Many organizations have complex technologies that include security information and event management (SIEM) and Security Orchestration, Automation, and Response (SOAR) platforms to help them. Other organizations use centralized log management (CLM) tools to help them detect, investigate, and remediate suspicious activities.
However, at their core, all of these solutions focus on monitoring the organization’s environment to detect abnormal activity, indicating potential threats or risky activity. That can mean a cybercriminal has already gained unauthorized access to the organization’s systems, networks, or applications.
STIG and CIS provide the technical configurations that lock down your devices and applications. When your organization is engaged in continuous monitoring activities, those tools are scanning your organization’s hardware and software to look for any weaknesses that can act as a backdoor into your infrastructure.
Those scans then send alerts to security or IT professionals, telling them that they need to install a security update or fix a configuration. Ultimately, responding to alerts falls under the broader umbrella of system hardening. For context, installing a security patch update is just another name for maintaining technical security controls.
Addressing the three biggest challenges with CDM.
With the rapid move to telework in 2020, agencies need to ensure that they need to focus on who is on their network and what’s happening on their network. As agencies mature their security posture, they find themselves facing three challenges when complying with CDM strategies:
- Challenge 1: Cloud Adoption. Moving to the cloud is more difficult for federal agencies than for commercial organizations. The sensitive data that agencies manage includes constituent nonpublic information, like names, social security numbers, and birth dates; federal contract information (FCI); controlled unclassified information (CUI); and classified information. Under both Cloud First and Cloud Smart mandates, agencies began migrating some operations to the cloud. However, the need to continue using rigid, legacy IT led to a piecemeal approach. Agencies adopted technologies that worked for where they were at the time, not always where they needed to be. This diversified IT stack reduces visibility, making it more difficult for agencies to manage data security. Monitoring for who and what is on the network becomes challenging. It also makes tracking the route of access challenging. With so many applications and access points, maintaining security benchmarks drains resources.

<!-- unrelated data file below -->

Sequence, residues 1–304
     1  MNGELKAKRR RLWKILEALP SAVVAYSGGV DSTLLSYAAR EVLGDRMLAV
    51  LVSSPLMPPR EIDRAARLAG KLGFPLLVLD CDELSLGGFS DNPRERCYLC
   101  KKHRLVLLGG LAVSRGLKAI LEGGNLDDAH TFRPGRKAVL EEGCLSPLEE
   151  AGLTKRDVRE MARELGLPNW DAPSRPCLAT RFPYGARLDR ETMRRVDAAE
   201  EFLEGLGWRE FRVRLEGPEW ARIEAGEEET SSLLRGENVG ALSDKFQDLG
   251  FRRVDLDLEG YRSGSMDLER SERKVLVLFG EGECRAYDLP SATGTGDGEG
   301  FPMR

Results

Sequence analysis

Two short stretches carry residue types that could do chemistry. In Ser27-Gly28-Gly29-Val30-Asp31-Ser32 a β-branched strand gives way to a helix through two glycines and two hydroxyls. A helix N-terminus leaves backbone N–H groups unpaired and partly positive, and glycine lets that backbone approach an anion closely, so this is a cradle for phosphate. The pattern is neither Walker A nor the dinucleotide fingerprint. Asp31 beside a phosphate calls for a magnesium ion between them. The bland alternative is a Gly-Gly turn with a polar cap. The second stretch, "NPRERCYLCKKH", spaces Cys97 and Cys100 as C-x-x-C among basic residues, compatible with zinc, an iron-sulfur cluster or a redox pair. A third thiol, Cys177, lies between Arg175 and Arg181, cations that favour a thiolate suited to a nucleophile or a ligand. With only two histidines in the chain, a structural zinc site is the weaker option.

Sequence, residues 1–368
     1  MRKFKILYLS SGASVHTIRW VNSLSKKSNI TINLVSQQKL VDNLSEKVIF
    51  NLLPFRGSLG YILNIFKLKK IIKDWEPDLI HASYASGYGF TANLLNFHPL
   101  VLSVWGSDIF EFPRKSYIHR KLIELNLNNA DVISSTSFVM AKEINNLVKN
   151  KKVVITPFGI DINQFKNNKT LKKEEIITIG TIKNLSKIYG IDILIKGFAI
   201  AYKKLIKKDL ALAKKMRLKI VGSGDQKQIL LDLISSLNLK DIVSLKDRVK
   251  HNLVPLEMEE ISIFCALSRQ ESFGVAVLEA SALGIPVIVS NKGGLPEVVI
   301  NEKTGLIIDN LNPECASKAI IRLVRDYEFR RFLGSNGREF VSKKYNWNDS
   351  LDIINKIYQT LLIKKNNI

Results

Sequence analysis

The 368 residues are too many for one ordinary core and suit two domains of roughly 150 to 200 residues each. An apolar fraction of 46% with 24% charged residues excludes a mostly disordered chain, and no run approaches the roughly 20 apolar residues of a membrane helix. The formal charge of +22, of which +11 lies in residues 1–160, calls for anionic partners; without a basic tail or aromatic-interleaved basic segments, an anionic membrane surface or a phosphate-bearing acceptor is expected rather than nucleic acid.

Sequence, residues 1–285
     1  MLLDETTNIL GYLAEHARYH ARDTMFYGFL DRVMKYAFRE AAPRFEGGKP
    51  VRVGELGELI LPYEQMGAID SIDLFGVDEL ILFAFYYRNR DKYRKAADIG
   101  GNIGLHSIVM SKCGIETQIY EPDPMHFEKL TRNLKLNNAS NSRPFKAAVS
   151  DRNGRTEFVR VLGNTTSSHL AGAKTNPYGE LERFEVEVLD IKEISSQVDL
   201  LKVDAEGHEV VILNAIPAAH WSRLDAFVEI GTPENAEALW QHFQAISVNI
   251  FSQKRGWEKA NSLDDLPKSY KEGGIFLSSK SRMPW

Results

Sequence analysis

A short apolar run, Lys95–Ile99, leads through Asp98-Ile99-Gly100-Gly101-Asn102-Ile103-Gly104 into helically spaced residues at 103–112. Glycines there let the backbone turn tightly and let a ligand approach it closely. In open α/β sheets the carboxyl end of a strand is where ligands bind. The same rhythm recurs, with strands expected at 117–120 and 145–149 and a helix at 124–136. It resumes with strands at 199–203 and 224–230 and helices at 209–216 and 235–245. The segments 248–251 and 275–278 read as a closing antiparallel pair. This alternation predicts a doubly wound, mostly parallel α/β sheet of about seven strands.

- Challenge 2: Identifying Hardware and Maintaining Secure Configurations. In August 2020, the US Government Accountability Office (GAO) reviewed agencies’ continuous monitoring activities by selecting three agencies that reported acquisition of the CDM tools.The report noted that none had effectively implemented all essential CDM program requirements, none had fully implemented requirements for managing hardware, contractors installing tools failed to provide unique identifiers consistently, and agencies lacked consistency in comparing network configuration settings to federal benchmarks. The agencies cited lack of resources as one of the reasons for these inconsistencies. Many agencies face the same problem. They find themselves confined by rigid technology debt and an inability to compete for cybersecurity staff adequately.
- Challenge 3: Compliance. Finally, agencies struggle to maintain complete and accurate audit documentation across these distributed, disconnected, divergent IT stacks. The problem for many agencies is the C for “continuous” in CDM. Instead of periodic, point-in-time audits, CDM requires organizations to evaluate their security. Agencies need to respond whenever new risks, like common vulnerabilities and exploits (CVEs), arise. Installing security updates across the network and decentralized endpoints becomes a challenge. Moreover, documenting activities and low-level technical configuration updates only adds to the struggle.
Documenting CDM capabilities to prove governance and compliance.
As agencies work toward maturing their CDM programs, compliance documentation provides a way to assess and track progress. However, many agencies struggle because they have too many devices, users, and applications. As part of your compliance process, documenting CDM activities becomes mission critical.
One place to start is with hardware asset management (HWAM). Even if you’ve already completed an asset inventory, you want to make sure that you have the most complete, updated version. However, this is often a struggle because moving to the cloud usually means keeping track of devices that use dynamic IP addresses.
HWAM ensures that you know all the devices connected to your networks. Unmanaged devices are often vulnerable to attacks because no one manages their software, configuration settings, or security updates. Moreover, if you don’t have a plan for managing all devices, you can’t hold anyone accountable for them. Ultimately, starting with an inventory is the first step to either removing unmanaged machines or making someone responsible for managing risky devices.